UK-based frontier market investment firm Silk Invest sees significant opportunities in Africa’s food and beverages industry.
Silk Invest manages the Africa Food Fund, a private equity fund that invests in processed food, beverages and quick-service restaurant companies on the continent. Private equity consists of investors and funds that make investments directly into private companies.
“We see Africa from an internal point of view . . . For us the most relevant play is the consumer play . . . We focus on the consumer play from the food and beverages sector. We felt this is an industry . . . where you can really work with companies to help them grow,” said Zin Bekkali, CEO of Silk Invest, in a recent webcast.
Large quantities of packaged food consumed in Africa are currently being imported. This presents major opportunities for local manufacturing. “If you take Ethiopia. Ethiopia is a big consumer of biscuits – they love biscuits. 60% to 70% of the annual consumption of biscuits in Ethiopia is imported. There is one small company based in the UAE . . . that has quadrupled its earnings within three years by exclusively exporting biscuits to Ethiopia,” noted Waseem Khan, Silk Invest’s head of private equity.
The fund takes a stake in companies with a scalable business and the potential to become national and regional leaders. Silk Invest gets involved in the companies from the management side and looks to add value in areas such as the procurement of raw materials, processing activities, corporate governance, financial management as well as distribution and branding.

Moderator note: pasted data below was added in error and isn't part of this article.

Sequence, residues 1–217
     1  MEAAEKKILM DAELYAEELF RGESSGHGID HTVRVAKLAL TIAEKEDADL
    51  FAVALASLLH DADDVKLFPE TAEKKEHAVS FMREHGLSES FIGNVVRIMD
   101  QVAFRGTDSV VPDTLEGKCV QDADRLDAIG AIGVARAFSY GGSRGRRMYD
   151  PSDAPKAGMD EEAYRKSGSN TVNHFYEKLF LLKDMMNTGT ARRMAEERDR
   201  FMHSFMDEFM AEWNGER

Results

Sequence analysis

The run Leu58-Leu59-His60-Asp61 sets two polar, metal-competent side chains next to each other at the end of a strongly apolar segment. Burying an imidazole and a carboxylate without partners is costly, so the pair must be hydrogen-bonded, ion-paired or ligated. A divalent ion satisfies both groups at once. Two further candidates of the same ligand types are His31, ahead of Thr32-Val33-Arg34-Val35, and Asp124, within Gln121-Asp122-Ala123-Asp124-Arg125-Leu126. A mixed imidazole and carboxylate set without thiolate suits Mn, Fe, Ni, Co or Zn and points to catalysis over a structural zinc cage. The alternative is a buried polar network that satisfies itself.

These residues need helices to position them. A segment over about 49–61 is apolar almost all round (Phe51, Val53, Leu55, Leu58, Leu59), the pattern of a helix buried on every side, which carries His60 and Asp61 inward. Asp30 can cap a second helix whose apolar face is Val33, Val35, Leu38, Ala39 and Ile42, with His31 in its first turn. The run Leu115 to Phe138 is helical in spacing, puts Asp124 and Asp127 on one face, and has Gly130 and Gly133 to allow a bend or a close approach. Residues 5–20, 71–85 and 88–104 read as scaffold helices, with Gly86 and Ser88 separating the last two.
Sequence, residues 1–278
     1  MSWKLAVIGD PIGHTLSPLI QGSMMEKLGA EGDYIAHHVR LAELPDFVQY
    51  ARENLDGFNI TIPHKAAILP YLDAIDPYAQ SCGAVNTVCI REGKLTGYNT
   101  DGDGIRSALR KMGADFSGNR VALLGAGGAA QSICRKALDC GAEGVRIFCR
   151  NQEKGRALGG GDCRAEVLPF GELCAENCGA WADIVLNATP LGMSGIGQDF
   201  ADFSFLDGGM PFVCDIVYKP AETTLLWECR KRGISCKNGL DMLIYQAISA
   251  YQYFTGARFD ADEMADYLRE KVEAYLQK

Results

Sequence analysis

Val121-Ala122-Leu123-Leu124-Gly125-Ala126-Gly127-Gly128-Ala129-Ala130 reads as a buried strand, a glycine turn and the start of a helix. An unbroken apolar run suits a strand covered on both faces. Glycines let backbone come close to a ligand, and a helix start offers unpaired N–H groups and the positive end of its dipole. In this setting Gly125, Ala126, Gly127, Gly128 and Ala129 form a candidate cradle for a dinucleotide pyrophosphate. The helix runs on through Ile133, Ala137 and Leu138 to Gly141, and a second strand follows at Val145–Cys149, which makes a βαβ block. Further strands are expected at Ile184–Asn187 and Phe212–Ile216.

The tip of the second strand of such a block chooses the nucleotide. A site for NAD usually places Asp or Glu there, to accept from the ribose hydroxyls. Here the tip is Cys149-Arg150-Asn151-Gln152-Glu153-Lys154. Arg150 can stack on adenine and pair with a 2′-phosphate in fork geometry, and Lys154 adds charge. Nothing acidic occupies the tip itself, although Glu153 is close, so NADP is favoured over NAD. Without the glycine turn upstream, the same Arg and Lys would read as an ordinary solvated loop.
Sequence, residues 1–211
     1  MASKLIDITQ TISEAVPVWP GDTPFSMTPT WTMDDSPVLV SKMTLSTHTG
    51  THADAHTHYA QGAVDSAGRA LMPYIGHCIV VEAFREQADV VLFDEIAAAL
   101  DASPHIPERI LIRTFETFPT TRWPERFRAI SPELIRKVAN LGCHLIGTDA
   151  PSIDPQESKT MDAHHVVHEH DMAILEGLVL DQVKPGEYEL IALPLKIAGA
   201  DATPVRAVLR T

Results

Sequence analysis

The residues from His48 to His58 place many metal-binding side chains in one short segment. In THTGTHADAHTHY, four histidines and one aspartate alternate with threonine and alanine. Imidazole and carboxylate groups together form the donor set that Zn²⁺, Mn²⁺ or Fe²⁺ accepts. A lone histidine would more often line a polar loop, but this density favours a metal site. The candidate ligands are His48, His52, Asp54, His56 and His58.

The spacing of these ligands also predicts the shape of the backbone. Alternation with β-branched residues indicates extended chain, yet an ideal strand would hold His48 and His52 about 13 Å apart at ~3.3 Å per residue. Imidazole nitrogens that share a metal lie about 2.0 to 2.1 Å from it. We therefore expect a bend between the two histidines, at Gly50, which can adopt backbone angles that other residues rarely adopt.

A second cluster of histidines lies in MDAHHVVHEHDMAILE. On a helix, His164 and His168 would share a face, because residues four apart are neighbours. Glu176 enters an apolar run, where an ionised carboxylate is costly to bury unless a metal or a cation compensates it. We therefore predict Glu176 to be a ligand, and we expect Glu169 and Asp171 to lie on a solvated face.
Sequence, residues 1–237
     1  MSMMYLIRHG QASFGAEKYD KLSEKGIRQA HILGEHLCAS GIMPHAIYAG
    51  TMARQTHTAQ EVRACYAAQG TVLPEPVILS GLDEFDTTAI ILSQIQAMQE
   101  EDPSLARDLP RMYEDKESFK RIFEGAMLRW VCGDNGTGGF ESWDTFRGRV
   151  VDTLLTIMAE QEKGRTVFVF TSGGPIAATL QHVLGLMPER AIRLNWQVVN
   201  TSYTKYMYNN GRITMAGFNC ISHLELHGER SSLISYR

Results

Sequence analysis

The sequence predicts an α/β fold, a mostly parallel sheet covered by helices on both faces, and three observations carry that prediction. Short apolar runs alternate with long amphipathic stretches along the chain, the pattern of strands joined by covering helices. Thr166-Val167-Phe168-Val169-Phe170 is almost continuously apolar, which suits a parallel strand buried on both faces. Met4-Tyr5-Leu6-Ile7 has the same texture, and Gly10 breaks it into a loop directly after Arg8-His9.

The fund has so far invested in a confectionary company in Egypt. It is also looking at a quick service restaurant brand in Nigeria, a dairy company in Kenya, and a pasta and biscuit manufacturer in Ethiopia.
Khan said that many companies in Africa are not familiar with private equity and that some education is often necessary.
In a continent where many banks are hesitant to lend, private equity can play a useful role in helping companies to grow their businesses. “Banks in Africa have always been conservative . . . It has become very expensive for entrepreneurs to borrow money from the banks. So they are starting to look at private equity, they are looking for long-term partners. But we need to give them the comfort that we are not there to take over their companies. We are there to help them get to the next stage, and the stage after that. Our view is to be involved in active management with them, and to be there with them for the next three to four years, where they can make money, and we can make money,” said Khan.
According to Khan, many investors still hold a negative perception of Africa. “People have this perception, watching CNN or Fox News . . . They feel all of Africa is what was Rwanda in the mid-90s or famine in different countries. That is the picture that is painted . . . The gap between reality and perception is huge.”